Last updated on October 2nd, 2020 at 05:18 am
Full Moon Day occurs when the Sun, Earth, and the Moon are perfectly aligned in a straight line i.e the sun and the moon are separated by 180 degrees. Full Moon Day is the third phase of the four primary phases of the moon (the other three phases are – New Moon Day, First Quarter Moon, and, Third Quarter Moon). Only on a full moon, a lunar eclipse (Chandra Grahan) can occur. In India, Full moon day is also known as Purnima or Poornima. Full moon day comes 12 times (sometimes 13) in a calendar year. Out of 12 full moons, in this article, we will talk about Buck Moon – The Season Of Buck’s Happiness.
see also, What Is Waxing Gibbous Moon?
What Is A Buck Moon?
Believe it or not, those Native American tribal people used lunar calendar (rather than using the solar calendar or Georgian Calendar) to understand the pattern of changing season. And with time, by seeing the patterns that how Bucks behave, they understood that the full moon in July marks the emergence of new antlers on Buck’s forehead: Hence named it Buck Moon – The Season Of Buck’s Happiness.
Buck Moon – The Season Of Buck’s Happiness
|Two Sambar Deers Fighting To Show Their Dominance|
Credit: Wikimedia Commons
I know that the readers would be wondering that why named Buck moon – The Season Of Buck Happiness. The antlers of Buck or Male Deer basically signifies their strength and influence their female mate selection. During male to male competition, bucks use antlers to justify their dominance. On the other hand, antlers display their fertility competitiveness. Larger the size of antlers of Male Deer, larger will be their chance of sexual display during mating season. That’s why named Buck Moon – The Season Of Buck’s Happiness.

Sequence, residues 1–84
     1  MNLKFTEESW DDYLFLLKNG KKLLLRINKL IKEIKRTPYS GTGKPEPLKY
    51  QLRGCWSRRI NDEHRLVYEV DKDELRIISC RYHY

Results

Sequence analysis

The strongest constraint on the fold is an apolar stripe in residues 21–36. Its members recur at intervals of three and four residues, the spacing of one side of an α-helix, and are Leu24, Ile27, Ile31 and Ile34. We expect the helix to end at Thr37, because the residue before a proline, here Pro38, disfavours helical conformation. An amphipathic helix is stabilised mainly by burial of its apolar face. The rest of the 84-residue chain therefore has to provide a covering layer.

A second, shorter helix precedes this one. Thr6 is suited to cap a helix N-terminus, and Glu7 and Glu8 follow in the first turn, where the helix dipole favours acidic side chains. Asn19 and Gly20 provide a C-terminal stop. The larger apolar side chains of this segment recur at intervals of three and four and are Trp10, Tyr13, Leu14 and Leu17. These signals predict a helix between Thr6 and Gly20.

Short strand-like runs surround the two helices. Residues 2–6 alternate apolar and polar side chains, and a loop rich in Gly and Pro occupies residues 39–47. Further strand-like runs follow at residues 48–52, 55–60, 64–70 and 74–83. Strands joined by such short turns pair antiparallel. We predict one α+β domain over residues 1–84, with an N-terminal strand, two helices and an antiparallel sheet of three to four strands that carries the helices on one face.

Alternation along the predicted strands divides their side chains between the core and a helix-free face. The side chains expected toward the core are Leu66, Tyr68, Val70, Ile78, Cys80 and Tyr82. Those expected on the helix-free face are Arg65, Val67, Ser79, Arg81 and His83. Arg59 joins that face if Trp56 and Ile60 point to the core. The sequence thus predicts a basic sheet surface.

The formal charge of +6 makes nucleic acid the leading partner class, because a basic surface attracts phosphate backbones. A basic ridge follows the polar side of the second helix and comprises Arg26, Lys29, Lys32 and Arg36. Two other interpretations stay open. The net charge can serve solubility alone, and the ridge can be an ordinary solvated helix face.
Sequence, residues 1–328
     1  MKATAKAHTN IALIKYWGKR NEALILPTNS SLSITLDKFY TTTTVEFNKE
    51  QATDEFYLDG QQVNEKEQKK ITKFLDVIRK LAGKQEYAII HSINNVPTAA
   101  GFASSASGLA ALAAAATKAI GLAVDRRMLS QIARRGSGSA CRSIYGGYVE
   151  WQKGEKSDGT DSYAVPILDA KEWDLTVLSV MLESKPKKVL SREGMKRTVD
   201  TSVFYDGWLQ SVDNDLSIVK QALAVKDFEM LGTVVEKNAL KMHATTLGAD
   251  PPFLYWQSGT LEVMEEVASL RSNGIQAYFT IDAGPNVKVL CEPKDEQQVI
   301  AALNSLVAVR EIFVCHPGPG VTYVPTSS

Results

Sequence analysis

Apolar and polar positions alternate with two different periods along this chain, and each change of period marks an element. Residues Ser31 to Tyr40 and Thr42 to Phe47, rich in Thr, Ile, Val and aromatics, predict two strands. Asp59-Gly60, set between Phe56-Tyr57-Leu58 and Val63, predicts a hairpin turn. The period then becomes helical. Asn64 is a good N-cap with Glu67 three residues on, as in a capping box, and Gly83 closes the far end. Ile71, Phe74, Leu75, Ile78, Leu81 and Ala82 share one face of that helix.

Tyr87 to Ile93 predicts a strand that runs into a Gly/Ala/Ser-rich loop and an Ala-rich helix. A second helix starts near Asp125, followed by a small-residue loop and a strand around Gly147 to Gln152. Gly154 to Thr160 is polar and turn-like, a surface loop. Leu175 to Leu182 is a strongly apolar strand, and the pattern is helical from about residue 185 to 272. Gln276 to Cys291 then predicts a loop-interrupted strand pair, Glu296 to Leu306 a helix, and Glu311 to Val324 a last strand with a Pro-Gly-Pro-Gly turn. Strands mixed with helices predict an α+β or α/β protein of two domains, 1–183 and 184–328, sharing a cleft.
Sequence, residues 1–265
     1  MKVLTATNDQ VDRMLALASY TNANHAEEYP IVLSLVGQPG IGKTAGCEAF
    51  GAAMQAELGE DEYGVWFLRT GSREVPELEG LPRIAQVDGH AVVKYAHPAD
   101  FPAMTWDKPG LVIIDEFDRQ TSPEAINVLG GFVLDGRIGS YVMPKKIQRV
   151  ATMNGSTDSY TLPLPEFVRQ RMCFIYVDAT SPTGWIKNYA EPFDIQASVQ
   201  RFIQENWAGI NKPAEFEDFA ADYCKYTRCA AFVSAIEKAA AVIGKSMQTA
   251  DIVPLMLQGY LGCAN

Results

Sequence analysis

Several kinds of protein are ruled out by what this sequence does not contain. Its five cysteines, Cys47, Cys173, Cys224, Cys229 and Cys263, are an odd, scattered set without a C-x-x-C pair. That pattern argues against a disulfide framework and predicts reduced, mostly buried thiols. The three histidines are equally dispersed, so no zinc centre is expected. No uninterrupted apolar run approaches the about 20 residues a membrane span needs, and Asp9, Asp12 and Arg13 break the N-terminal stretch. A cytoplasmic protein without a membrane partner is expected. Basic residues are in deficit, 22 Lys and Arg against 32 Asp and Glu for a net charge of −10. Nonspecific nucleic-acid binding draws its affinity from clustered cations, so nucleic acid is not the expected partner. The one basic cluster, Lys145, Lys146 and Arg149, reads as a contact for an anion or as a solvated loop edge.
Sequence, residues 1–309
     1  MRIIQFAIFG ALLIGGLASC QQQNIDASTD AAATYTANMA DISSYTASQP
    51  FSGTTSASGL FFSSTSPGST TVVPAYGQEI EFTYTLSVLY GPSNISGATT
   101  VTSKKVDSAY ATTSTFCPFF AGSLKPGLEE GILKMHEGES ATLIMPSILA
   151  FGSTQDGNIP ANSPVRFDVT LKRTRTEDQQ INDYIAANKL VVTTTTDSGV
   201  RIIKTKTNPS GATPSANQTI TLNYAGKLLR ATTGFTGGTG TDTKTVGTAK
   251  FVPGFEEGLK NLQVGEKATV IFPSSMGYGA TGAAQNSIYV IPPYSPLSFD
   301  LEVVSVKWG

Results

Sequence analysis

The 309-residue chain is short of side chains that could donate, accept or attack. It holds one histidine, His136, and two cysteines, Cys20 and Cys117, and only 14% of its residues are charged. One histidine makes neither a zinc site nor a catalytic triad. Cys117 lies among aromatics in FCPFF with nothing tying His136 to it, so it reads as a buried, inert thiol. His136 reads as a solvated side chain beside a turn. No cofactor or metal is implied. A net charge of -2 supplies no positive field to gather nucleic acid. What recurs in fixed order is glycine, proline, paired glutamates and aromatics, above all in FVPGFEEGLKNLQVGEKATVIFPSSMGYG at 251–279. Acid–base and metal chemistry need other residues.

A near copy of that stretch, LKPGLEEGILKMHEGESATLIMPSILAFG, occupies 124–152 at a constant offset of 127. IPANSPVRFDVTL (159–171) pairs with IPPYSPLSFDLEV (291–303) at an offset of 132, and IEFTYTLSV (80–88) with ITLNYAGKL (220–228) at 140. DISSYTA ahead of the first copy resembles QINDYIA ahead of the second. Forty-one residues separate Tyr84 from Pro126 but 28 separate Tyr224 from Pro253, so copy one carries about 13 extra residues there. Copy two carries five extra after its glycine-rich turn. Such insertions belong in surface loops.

Other Names For Buck Moon
Although, the Full Buck Moon is the most commonly used name, yet this full moon in July has so many different Full moon names depending on the place and their related culture. In European culture, this July full moon is known as Thunder Moon because this full moon marks the arrival of frequent thunderstorms. On the other hand, for Anglo-Saxon people, this month’s full moon is known as Hay Moon; as for farmers, it indicates that the time has come to cut and gather herbs and essential for winter utilization.